Why a group of investors should pay ratings agencies to end bias

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Published: February 15, 2019 4:05:57 AM

Instead of firms, a group of investors should pay for them.

sebi, investorsNews reports suggest SEBI wants investors to pay for the ratings, rather than the companies, which is the practice at present.

It is a fact that ratings agencies haven’t exactly covered themselves with glory; their assessments have often been way too optimistic, to put it mildly. And their alerts and rating changes usually come way too late, leaving investors like sitting ducks. In some instances—like with IL&FS—the agencies seem to have had no idea whatsoever of the goings-on in the company or they simply decided to look the other way.

Some of the blame for this must lie with the regulator since there seems to be no penalty whatsoever for the poor assessments or the delayed alerts. But it is not as though the investors are completely blameless; dishonesty among fund managers is not exactly unknown. Which is why, the system needs to be revamped and it is good news that SEBI is looking to make some changes. News reports suggest SEBI wants investors to pay for the ratings, rather than the companies, which is the practice at present.

Conspiracy theories say this won’t work either because bankers and fund managers typically want to embellish the quality of the rating so that they can set aside less capital against the loan exposure or report a better NAV (net asset value), as the case may be. That is not hard to believe, going by the track record of both bankers and fund managers.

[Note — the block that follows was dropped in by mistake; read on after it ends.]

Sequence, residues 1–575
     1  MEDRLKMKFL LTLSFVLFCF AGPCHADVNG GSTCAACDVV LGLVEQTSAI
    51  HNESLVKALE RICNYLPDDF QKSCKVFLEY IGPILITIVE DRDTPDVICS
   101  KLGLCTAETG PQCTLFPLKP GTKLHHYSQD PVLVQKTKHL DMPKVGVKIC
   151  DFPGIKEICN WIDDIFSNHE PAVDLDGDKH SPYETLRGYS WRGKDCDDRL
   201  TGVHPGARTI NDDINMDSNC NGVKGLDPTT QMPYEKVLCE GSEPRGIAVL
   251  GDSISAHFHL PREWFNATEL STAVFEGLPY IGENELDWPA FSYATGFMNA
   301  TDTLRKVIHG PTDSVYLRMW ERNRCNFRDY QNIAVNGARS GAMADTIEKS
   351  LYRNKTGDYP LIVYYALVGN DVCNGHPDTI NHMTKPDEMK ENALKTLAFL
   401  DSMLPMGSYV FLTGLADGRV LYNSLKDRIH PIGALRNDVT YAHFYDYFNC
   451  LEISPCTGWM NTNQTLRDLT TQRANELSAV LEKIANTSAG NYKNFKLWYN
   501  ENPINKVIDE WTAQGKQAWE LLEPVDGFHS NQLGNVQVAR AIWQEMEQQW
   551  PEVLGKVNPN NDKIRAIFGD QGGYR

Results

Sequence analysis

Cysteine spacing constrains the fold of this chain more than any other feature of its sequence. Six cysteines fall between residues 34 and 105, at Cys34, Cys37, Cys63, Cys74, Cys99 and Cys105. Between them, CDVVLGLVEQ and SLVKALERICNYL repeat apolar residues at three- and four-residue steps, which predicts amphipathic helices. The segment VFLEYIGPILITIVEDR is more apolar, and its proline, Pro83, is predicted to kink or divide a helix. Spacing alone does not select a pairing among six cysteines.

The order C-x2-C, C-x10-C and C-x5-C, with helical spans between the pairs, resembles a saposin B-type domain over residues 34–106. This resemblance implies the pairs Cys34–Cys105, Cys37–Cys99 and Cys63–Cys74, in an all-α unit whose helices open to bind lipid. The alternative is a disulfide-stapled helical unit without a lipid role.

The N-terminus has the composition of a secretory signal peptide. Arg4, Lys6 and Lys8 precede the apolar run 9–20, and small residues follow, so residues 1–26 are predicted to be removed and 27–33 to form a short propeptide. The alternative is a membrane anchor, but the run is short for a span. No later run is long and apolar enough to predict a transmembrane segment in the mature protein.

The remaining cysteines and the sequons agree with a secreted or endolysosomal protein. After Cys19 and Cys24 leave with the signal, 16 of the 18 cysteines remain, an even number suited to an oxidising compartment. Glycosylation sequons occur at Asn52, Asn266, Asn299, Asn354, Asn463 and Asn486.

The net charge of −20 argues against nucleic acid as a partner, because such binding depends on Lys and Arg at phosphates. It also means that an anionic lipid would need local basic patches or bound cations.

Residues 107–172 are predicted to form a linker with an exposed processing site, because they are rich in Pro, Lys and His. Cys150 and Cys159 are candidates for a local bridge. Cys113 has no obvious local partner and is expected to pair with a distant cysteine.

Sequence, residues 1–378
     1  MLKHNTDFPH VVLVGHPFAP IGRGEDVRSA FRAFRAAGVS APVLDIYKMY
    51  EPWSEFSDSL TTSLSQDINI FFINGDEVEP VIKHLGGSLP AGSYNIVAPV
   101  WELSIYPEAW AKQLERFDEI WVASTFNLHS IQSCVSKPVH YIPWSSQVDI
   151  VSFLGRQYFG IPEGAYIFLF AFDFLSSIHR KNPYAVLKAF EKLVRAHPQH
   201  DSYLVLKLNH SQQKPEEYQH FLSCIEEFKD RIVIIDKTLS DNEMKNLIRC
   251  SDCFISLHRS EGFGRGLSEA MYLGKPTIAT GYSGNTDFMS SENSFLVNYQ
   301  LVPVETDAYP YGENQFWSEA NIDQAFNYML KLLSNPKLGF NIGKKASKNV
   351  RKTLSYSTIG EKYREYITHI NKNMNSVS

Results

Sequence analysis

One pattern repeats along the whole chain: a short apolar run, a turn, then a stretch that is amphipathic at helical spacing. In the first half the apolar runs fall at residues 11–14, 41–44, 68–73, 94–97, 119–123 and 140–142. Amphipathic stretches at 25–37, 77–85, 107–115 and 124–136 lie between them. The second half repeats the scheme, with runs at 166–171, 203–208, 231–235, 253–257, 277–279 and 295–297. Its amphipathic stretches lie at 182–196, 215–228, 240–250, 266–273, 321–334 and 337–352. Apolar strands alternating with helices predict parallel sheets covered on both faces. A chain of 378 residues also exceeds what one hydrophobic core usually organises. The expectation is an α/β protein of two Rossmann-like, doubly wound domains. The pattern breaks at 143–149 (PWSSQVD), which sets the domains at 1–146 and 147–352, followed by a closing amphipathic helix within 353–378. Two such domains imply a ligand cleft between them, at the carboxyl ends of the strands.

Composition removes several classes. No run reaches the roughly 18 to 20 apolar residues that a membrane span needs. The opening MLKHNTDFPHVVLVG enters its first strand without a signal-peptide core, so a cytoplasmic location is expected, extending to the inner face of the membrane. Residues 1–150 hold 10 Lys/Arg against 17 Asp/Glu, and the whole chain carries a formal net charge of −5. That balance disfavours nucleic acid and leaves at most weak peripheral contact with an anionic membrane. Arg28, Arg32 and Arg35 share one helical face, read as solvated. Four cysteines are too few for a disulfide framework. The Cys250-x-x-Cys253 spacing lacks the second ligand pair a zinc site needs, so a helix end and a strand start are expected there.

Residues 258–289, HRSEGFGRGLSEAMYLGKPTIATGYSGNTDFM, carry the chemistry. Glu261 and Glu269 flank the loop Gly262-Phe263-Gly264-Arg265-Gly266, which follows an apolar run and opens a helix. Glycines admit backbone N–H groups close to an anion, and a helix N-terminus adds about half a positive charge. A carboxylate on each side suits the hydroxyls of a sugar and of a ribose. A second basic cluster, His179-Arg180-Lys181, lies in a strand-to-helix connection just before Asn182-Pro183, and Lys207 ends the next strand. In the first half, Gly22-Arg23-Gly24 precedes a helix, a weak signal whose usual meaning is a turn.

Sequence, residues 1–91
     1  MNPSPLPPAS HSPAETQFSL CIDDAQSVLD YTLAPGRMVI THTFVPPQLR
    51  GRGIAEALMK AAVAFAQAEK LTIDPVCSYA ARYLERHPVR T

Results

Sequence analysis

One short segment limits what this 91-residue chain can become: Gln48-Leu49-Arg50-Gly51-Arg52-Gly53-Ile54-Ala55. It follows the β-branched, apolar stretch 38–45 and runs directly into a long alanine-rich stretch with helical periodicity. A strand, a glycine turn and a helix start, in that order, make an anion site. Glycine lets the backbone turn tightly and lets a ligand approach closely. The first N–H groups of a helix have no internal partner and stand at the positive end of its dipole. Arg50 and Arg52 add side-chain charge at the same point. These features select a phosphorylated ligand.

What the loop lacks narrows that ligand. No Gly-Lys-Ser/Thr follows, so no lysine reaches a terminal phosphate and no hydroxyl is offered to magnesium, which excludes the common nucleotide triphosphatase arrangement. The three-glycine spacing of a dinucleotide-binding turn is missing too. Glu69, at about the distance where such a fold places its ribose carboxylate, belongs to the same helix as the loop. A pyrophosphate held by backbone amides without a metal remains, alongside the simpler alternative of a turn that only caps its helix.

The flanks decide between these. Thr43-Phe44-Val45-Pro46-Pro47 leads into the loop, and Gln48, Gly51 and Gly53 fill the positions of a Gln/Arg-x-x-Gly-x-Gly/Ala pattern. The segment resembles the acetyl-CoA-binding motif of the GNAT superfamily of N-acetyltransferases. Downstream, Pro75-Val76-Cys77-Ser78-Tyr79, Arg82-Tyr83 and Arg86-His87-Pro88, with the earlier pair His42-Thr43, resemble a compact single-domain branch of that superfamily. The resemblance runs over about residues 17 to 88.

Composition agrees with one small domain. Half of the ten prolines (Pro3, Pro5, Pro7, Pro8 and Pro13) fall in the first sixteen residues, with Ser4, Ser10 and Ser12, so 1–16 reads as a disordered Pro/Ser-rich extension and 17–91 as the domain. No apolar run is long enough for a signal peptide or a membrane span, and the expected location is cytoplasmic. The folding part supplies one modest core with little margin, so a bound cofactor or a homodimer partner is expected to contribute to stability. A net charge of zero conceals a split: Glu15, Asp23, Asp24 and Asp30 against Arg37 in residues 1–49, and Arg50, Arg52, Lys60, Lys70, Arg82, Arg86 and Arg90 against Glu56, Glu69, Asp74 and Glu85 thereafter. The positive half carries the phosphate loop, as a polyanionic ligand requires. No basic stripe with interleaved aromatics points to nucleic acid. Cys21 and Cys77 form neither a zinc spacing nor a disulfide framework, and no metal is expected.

One suggestion is that companies continue to pay for the ratings and that a pool of funds be created from the fees; the rating agencies would then be paid from this corpus, but the amount to be paid would be decided by an accredited panel of investors. To be sure, ratings agencies will say this is unworkable since they will have no control whatsoever over their revenues. That is a valid point because, to ensure that the quality of ratings doesn’t drop, an agency must invest and, in order to do that, it must have visibility on its revenues. Also, there is no guaranteeing the investors will be altogether unbiased while allocating the fees to the ratings agencies. What this system does achieve is that it breaks the nexus between the company and the rating agency since the fees cannot be negotiated between them and, therefore, the rating outlook cannot be influenced. Perhaps investors—bankers, insurance companies, mutual funds, EPFO—should commission ratings assessments and pay for them jointly. That would ensure that no one fund manager influences the rating and, at the same time, the ratings agency would be assured of its fee. Also, since the costs would be shared, it would not burden a single investor. The companies can also contribute to this pool—a flat amount perhaps—which could also be paid out to the ratings agencies as a flat fee. It is important to free the system of biases.

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